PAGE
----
Touching photos and Video  of newborn Arctic Fox babies

Lately, zoos everywhere have been welcoming new additions as the Spring mating season gives way to new babies. A very special arrival was when Aurora the Arctic Fox who gave birth to 9 pups on Sunday, May 20th. All the babies are weighing-in between 1.8 and 2.2 ounces which is a very normal and healthy weight. The pups are resting with their mother and are not currently on public display yet. Zephyr, the father, is proudly frolicking in his exhibit space.

Both male and female fox will mature sexually at one year of age. The mating season is May-February and the gestation period for a pregnant female fox is 52 days. The number of pups born can vary greatly between 6-19, and the newborns weigh approximately 2 ounces. Pups are helpless and blind when first born. They will nurse from mom until they can eat solid food. Both parents care for the pups.

A full grown Arctic fox is about 10 -16 inches long and weighs about 6-12 pounds. Not very big at all. It has short legs and a long bushy tail that it uses as insulation by wrapping it around itself when sleeping. Its long hair is white in the winter, but changes to “blue” or gray in the summer. Its head has a somewhat stubby muzzle, small ears, and large eyes. Its feet are lined with fur, which also helps it to conserve heat.

More about the Arctic Fox ~

The arctic fox is an incredibly hardy animal that can survive frigid Arctic temperatures as low as –58°F (-50°C) in the treeless lands where it makes its home. It has furry soles, short ears, and a short muzzle—all-important adaptations to the chilly clime. Arctic foxes live in burrows, and in a blizzard they may tunnel into the snow to create shelter.

Arctic foxes have beautiful white (sometimes blue-gray) coats that act as very effective winter camouflage. The natural hues allow the animal to blend into the tundra's ubiquitous snow and ice. When the seasons change, the fox's coat turns as well, adopting a brown or gray appearance that provides cover among the summer tundra's rocks and plants.

These colorings help foxes to effectively hunt rodents, birds, and even fish. But in winter prey can be scarce on the ground. At such times, arctic foxes will follow the region's premier predator—a polar bear—to eat the leftover scraps from its kills. Foxes will also eat vegetables when they are available.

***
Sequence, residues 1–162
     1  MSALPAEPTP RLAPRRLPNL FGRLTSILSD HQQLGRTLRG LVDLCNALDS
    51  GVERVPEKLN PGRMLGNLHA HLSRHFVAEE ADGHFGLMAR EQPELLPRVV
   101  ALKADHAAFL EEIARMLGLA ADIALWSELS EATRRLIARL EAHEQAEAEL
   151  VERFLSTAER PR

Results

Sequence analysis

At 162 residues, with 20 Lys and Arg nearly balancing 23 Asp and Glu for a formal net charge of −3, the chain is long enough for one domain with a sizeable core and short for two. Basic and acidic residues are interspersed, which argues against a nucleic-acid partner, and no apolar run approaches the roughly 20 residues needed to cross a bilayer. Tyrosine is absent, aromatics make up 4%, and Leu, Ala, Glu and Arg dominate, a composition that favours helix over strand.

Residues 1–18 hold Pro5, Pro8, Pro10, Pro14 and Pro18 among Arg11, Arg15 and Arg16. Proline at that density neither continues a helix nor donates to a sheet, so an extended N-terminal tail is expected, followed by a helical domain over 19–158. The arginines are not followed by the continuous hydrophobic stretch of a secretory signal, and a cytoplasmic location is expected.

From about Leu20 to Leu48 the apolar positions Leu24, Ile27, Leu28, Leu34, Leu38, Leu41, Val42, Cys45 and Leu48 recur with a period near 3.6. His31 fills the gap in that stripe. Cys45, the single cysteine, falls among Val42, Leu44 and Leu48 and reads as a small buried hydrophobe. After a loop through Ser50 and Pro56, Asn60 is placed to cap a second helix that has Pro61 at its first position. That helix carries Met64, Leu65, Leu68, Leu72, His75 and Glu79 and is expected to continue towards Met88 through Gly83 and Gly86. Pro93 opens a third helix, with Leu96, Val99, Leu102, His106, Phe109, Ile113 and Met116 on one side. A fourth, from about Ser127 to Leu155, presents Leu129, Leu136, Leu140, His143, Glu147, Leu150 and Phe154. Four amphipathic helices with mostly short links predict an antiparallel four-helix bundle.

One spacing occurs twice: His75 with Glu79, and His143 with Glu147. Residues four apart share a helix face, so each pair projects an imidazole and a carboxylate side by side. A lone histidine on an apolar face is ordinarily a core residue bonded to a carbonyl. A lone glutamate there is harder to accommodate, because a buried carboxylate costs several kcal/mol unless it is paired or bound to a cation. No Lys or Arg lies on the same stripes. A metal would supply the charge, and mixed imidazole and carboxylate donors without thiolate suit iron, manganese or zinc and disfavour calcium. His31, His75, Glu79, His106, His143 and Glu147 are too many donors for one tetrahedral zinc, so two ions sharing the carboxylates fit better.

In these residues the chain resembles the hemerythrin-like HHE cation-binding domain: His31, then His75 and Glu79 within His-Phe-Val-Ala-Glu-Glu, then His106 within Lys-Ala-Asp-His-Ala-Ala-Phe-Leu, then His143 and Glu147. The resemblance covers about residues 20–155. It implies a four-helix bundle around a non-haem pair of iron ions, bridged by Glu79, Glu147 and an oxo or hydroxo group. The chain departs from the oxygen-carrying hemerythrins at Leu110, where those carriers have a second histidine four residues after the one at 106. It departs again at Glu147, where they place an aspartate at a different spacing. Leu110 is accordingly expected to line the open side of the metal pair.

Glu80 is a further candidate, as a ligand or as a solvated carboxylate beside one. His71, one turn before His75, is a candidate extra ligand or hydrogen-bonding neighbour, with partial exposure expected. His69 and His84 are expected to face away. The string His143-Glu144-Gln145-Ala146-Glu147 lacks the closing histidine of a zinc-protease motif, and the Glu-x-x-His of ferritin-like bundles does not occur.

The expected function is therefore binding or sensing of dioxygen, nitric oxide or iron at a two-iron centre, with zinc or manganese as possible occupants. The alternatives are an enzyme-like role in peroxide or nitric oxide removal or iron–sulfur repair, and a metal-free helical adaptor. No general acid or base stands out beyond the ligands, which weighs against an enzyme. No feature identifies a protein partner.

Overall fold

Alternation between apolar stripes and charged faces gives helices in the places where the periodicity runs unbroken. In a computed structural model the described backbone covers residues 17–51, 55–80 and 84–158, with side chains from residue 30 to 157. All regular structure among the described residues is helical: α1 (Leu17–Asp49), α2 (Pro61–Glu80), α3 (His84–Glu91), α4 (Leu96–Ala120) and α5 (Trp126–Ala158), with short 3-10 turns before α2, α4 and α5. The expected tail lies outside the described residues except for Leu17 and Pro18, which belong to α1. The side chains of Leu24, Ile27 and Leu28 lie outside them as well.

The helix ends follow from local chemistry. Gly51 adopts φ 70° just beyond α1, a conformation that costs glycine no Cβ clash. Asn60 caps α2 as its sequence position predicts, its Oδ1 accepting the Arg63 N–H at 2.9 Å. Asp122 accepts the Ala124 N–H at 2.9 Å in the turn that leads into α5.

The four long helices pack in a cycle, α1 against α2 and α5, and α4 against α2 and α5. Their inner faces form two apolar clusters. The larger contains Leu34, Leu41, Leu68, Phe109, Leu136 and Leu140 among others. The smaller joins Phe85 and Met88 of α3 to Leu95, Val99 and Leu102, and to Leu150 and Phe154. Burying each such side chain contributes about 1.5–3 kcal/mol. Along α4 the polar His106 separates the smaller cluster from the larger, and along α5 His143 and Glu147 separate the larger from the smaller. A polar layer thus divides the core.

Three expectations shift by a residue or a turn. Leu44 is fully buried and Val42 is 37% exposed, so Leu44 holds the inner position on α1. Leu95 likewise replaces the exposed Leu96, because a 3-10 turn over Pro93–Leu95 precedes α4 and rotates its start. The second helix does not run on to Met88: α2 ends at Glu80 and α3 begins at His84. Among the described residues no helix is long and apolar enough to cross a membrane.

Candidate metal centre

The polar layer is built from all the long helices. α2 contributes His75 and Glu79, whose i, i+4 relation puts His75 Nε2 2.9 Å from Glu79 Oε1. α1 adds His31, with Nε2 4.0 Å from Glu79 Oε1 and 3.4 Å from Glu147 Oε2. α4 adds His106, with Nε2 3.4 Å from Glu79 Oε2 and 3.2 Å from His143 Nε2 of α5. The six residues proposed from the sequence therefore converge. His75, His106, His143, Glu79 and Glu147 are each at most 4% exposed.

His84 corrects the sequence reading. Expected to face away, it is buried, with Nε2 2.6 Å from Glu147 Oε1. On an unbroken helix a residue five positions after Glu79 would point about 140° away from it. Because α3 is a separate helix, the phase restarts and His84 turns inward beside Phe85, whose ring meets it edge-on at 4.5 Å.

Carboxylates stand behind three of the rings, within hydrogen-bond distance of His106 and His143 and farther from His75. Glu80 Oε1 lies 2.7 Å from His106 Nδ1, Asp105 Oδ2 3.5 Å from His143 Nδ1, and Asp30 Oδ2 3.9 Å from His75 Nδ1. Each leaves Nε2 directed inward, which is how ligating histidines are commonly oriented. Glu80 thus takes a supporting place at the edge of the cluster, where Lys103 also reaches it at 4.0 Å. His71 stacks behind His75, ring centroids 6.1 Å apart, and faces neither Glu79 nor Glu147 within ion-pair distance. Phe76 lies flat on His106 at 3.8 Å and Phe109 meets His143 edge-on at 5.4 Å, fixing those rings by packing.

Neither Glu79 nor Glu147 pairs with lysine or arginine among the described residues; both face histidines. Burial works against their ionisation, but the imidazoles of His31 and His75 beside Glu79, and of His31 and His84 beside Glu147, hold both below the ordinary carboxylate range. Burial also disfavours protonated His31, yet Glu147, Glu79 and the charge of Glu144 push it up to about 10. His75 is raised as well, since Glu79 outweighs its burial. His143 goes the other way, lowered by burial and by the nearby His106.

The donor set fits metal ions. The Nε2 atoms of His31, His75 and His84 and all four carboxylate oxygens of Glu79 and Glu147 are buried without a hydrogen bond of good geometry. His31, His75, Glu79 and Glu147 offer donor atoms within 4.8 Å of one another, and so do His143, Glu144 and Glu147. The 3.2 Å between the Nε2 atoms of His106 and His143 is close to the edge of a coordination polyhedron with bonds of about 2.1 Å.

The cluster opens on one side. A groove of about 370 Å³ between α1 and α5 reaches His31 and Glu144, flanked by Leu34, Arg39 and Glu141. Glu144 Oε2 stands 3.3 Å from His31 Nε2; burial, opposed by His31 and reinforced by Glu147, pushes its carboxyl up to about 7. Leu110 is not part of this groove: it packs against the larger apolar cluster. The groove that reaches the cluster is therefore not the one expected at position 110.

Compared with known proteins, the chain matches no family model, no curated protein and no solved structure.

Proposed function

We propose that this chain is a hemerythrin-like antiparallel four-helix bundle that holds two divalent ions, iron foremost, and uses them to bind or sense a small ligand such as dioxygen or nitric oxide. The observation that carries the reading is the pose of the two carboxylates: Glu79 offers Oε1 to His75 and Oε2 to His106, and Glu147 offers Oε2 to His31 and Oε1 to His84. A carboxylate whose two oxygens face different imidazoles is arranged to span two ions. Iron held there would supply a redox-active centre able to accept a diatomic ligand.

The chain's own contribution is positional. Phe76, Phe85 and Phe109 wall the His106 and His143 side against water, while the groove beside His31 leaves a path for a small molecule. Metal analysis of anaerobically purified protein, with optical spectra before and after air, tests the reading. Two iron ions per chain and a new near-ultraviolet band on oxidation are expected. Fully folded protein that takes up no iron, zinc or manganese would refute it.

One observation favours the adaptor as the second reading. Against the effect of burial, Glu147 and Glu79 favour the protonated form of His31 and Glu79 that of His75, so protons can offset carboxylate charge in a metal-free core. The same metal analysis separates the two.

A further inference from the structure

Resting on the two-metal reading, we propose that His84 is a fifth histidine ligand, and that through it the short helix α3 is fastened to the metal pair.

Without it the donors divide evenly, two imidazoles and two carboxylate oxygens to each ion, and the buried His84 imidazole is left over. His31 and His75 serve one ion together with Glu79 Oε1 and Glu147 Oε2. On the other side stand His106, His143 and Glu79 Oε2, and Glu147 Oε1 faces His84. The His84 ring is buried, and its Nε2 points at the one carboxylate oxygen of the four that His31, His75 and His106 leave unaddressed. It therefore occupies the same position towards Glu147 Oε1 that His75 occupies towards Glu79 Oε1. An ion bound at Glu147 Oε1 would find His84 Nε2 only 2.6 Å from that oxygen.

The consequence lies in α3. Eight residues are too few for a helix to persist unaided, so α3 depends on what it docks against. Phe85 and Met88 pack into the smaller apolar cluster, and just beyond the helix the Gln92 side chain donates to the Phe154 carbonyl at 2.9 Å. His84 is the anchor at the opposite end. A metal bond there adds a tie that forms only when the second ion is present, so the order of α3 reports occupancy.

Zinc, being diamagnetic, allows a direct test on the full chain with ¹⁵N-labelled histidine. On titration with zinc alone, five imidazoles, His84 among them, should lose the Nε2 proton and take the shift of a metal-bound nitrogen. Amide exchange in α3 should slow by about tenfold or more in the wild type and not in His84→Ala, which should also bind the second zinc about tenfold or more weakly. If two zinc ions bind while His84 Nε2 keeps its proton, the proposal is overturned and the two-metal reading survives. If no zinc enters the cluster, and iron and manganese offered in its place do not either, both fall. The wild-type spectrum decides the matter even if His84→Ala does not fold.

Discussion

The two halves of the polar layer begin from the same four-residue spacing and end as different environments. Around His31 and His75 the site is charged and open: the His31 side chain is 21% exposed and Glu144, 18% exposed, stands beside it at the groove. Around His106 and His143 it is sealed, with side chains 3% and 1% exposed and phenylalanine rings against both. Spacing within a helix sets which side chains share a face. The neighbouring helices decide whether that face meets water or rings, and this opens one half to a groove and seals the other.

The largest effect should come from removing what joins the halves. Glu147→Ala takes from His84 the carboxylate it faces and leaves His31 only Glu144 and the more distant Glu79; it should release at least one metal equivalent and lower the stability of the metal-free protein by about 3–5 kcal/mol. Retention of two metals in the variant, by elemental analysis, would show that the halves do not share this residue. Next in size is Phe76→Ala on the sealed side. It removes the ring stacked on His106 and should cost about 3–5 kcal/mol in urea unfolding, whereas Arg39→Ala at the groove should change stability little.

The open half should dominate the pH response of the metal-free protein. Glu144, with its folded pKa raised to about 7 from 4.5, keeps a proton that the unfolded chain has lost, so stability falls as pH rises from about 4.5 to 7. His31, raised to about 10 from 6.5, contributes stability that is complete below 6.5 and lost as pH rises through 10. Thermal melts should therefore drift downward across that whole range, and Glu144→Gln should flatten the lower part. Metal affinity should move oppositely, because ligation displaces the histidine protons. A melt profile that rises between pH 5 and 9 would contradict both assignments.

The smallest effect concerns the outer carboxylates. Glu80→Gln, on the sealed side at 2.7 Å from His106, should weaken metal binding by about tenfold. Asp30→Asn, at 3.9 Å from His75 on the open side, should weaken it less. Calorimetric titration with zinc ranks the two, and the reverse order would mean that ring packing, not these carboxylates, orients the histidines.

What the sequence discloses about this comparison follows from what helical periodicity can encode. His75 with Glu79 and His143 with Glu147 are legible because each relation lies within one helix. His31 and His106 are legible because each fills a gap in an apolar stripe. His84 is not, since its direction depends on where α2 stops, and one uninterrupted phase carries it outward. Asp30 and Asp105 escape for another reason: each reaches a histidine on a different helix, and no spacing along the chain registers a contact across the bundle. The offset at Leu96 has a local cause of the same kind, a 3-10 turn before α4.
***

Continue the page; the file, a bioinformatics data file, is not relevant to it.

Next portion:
Like a cat's, this fox's thick tail aids its balance. But for an arctic fox the tail (or "brush") is especially useful as warm cover in cold weather.

Female arctic foxes give birth each spring to a large litter of up to 14 pups. (Source: National Geographic)

Congratulations to Aurora and Zephyr for their beautiful new family. Please enjoy the pictures of them and the video below.

VIDEO Arctic Fox Puppies Born At Como

Responses to "Arctic Fox Gives Birth to Nine Pups (Video)"

  1. Unknown says:

    thats awesome to see new life with all the wolf murder going on these days.

  2. Anonymous says:

    Awesome event......9 pups , all healthy is wonderful.

  3. Tonya Johnson says:

    So happy that new lives are here... They are adorable.

  4. Anonymous says:


  5. Unknown says:

    Nice to see that new life and at least 9pups can b safe from poachers......... Be safe puppies!!!!!

  6. Anonymous says:

    That was awesome seeing the pic.of the new born foxes.I hope everyone of the babies survive.But what I know about foxes they have a pretty healthy survival rate.I haven't seen vixens to have that many I've known them to have 5or6..I have to wish all of you big thank you for your care of these beautiful creatures.I hope you will keep us updated on their progress.

  7. Anonymous says:

    These little foxes are so cute! And the best part; I can see them in real life! YES!!! But really, I love them. Do everything you can to keep them alive. Best of luck!
    -An Arctic Fox LOVER

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